I have no idea how or why but somehow the Cup and Saucer has survived; no small thing in the uber -Darwinian world of Manhattan real estate. Of that I am glad, even as I know it is living on borrowed time, for the place has resonance for me as I suspect it has for many.
I cannot see the Cup and Saucer without thinking of both the paintings of Hopper and the songs of Tom Waits. I cannot, in turn, think of Hopper or Waits without thinking of my late and beloved eldest brother Eddie who, many years ago, introduced me to both and in doing so enlarged and deepened my adolescent universe. I cannot think of Eddie without often experiencing an oceanic sense of loss and a kind of vertigo of sorrow that finds me bumping into things or stepping in puddles or reaching for rosary beads which are no longer there. Finally, I cannot experience such sorrow without being reminded of how quickly our days here pass, how little we know of what we are doing here; of our sublime fragility; of how suddenly we leave, leaving others who love us and who we love behind as we enter into silence.

tome waits

So somehow, against my will, the Cup and Saucer has become important to me, which is to say, it has become symbolic to me, and symbols are very powerful and necessary things indeed.
That being so, I cannot pass the Cup and Saucer without wrestling with other more mundane but just as disturbing realities as well, none more so than the rapidity of change that has become an across-the –board-norm of 21st century urban existence – that much the more in NYC. With precious few exceptions – a tailor here, a pizzeria there – the Lower East Side neighborhood I moved into 14 years ago no longer exists except geographically. Quirky independent or family businesses and neighbors have almost all been driven out by ever more insane rents, or left in disgust when the place was given over to ephemeral restaurants catering to Wall Street big shots or bars catering to NYU frat boys who confuse our doorways for public urinals. Even more gone is the spirit of the artists of every conceivable medium who found cheap dwellings here that allowed them to pursue their muses and, whatever you thought of their work, added to our culture and made things interesting. God knows where they have gone, but gone they are, and such misfits and marchers to different drummers will not be back in my lifetime. And that is a loss that is incalculable.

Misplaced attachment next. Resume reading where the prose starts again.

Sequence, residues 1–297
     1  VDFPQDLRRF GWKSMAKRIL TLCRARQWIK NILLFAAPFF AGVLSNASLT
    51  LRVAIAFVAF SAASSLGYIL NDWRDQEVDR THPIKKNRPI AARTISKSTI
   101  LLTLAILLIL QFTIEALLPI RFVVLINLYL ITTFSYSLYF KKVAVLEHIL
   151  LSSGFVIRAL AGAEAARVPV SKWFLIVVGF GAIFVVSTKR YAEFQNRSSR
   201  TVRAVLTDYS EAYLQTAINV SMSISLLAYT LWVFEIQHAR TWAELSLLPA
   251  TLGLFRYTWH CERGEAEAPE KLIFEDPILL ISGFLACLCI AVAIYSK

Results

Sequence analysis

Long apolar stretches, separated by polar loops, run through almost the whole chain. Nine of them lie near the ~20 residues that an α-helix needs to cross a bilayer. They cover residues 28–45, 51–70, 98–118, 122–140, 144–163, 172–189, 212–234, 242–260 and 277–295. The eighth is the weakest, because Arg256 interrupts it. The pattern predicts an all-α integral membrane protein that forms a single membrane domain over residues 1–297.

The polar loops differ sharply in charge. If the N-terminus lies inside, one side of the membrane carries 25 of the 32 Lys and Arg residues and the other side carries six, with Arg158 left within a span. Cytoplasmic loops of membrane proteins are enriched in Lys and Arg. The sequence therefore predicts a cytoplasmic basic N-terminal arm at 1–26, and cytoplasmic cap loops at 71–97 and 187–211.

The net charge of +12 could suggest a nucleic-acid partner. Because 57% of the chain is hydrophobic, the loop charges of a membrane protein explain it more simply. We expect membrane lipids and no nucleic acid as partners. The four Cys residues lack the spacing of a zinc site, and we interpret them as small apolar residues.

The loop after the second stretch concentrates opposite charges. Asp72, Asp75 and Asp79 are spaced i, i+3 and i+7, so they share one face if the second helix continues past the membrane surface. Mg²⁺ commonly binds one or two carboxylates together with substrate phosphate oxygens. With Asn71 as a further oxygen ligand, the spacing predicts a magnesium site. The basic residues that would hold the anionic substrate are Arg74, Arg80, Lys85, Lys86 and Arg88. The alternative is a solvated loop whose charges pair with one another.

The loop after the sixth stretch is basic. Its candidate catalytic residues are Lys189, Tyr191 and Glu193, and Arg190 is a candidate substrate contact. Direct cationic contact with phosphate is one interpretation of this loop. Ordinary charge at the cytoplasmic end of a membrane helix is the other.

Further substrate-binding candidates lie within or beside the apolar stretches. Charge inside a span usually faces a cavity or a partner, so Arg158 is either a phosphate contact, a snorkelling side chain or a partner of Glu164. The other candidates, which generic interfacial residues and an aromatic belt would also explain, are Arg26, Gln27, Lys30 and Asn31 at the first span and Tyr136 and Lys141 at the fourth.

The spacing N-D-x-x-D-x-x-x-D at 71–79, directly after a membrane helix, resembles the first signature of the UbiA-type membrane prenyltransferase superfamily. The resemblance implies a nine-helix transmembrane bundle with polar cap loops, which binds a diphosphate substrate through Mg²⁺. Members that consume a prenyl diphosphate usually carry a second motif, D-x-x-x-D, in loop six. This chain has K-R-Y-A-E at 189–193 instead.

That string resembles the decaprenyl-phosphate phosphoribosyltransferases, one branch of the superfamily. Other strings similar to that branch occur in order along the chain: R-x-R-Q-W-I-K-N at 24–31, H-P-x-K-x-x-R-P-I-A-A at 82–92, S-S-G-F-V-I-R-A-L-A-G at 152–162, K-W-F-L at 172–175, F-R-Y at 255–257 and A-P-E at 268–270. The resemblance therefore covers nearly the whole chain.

None of this, of course, is new in New York and change is both necessary and healthy. Change, in point of fact, is the only constant of the city since Peter Minuet first swindled the Lenape out of their tree ridden island. “Expect poison from standing water,” wrote Blake. What is new is the speed and the scale and the dislocating effects of such upheaval as well as the uniformity of so much of what replaces it. Somewhere in his voluminous entries, 19th c New York diarist George Templeton Strong laments that New York neighborhoods change so utterly that every 40 years or so, a native could return and find one wholly unrecognizable.
The vanishing Strong lamented now seems to occur every four months or so and, sadly, tends to produce places and people that are all too easily recognizable. Such a situation has definite if difficult to locate side effects for those of us — and there are more and more of us all the time – who are forced to live under such conditions or flee.
Such conditions set a kind of guerilla war of environment against the psyche: a war of the primal human need for continuity and some level of stability and the post -postmodern super capitalistic culture that eviscerates both, even as apologists for the Efficiency Market Hypothesis (which brought the world to the brink of economic catastrophe in 2008) continue to preach it is all for the good.
And all is for the good if you happen to incarnate the abstraction called The Economy. All is very, very good, indeed. Fabulous even. If, on the other hand, you are but a lowly sensate human, such perpetual change can tend to leave you feeling invisible, utterly inconsequential, and meaningless. Indeed, it feels like an attack of the most impersonal kind by the most impersonal forces, and as such, is terrifying. What’s more, the human heart and psyche have demands of their own, impervious to the “hidden hand” of the free market, (or any other hand that is not human or divine for that matter) and when these demands are not met, life begins to feel…well, crazy.
As it happens, I was a boy when I first encountered the abject horror of human craziness. It came in the form of my best friend’s mother who, during our boyhood, was painfully, mercilessly, mentally ill. When things were very bad for her she hallucinated people changing shapes and forms and identities right in front of her eyes. In those horrible moments of everything and everyone shifting, the poor woman would sometimes scream.